TEEN HEALTH Published April2, 2015 By Bernadette Strong

First National Study on the Use of Treatments for ADHD Released

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Children playing at a camp for kids with ADHD.
(Photo : Brendan Smialowski, Getty Images)

The U.S. Centers for Disease Control and Prevention has published the first national study to look at the use of behavioral therapy, medications, and dietary supplements to treat attention deficit hyperactivity disorder (ADHD).

It found that only half of children aged 4 to 17 with ADHD were receiving behavioral therapy between 2009 and 2011. About 40% of children with ADHD were treated with medication alone, 10% received behavioral therapy alone, 30% were treated with both medication and behavioral therapy, and 10% received neither medication nor behavioral therapy. Overall, about 10% of children with ADHD took dietary supplements for their condition.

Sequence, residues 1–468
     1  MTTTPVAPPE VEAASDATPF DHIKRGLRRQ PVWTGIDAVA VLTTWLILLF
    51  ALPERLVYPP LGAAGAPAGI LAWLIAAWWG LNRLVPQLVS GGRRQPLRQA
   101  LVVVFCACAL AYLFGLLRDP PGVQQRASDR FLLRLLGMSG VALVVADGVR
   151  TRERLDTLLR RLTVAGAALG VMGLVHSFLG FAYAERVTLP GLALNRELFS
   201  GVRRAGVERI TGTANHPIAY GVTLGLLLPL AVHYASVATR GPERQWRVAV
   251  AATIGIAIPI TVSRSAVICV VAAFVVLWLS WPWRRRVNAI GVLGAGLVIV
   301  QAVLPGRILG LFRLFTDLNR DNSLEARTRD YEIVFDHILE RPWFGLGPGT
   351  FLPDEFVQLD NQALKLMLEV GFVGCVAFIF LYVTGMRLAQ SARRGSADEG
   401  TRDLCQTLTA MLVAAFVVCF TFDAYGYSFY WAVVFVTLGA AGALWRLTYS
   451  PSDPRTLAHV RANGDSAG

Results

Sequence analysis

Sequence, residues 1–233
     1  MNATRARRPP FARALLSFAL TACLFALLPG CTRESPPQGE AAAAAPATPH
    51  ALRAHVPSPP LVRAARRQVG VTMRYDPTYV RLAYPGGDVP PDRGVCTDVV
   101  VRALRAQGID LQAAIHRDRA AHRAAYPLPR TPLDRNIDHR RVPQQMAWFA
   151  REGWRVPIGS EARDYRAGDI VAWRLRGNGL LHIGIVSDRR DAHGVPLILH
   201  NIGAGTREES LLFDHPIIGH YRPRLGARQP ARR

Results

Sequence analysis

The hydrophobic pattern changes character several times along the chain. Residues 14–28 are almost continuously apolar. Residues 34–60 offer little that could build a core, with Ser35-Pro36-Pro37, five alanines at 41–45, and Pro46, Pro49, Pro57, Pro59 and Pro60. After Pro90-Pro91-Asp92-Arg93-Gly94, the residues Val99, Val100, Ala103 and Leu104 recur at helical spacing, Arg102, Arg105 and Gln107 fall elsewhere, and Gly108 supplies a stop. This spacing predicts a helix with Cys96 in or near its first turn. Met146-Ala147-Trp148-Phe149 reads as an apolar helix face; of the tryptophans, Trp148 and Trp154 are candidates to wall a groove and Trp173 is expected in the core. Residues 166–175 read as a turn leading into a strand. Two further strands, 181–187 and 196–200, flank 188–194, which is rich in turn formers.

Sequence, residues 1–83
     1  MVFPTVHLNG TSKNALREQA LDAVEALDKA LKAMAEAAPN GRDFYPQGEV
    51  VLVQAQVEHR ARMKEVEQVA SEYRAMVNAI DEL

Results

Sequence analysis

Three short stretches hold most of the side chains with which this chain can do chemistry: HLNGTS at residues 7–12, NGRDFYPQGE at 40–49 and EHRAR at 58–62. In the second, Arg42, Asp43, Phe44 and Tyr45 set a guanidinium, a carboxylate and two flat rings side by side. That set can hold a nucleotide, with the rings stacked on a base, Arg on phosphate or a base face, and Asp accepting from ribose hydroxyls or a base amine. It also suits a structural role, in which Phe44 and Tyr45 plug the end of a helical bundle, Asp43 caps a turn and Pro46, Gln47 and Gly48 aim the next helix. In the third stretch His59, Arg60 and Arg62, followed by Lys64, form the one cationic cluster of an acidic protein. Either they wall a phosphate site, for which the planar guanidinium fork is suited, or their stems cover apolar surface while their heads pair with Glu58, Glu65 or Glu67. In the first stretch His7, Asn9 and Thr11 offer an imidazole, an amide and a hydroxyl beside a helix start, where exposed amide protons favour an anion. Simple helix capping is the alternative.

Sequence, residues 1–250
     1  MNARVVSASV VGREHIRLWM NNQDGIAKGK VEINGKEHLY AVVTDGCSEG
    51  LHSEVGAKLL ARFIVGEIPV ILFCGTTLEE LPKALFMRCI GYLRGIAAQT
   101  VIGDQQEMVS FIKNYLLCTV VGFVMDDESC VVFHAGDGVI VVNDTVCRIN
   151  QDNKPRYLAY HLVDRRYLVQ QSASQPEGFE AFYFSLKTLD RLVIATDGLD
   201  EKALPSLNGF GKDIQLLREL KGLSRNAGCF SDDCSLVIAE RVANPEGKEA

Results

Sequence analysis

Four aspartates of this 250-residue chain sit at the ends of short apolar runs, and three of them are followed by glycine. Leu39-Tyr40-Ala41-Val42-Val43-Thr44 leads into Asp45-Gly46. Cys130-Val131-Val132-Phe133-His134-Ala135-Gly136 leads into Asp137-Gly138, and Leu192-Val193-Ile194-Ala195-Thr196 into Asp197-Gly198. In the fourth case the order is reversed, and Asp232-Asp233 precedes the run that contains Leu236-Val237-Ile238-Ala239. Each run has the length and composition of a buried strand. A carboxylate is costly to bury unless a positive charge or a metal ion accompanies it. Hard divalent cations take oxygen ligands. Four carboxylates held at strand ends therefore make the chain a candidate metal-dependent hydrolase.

The study also found that 1 in 2 preschoolers ages 4 to 5 who had ADHD received behavioral therapy and about 1 in 2 were taking medication for ADHD. Almost 1 in 4 preschoolers were being treated with medication alone.  Among children with ADHD aged 6 to 17, fewer than 1 in 3 received both medication and behavioral therapy.

The report collected data leading up to 2011, which is when the American Academy of Pediatrics issued clinical guidelines for treating ADHD. The guidelines recommend behavioral therapy alone for treating preschoolers and a combination of medication and behavioral therapy for children aged 6 to 17. 

"The good news is that we now have strong clinical guidelines to support the more than 5 million children living with ADHD." Said Dr. Susanna Visser, an epidemiologist with the CDC and the lead author of the report.

There was significant geographic variation in how children with ADHD were treated. On average, states with higher behavioral therapy rates had lower medication treatment rates and vice versa. Rates of medication treatment among children with ADHD ranged from a low of 57% in California to a high of 88% in Michigan. Rates of behavioral therapy among children with ADHD ranged from a low of 33% in Tennessee to 61% in Hawaii.

The study was published in the Journal of Pediatrics and can be read online at http://www.jpeds.com/pb/assets/raw/Health%20Advance/journals/ympd/Visser.pdf.

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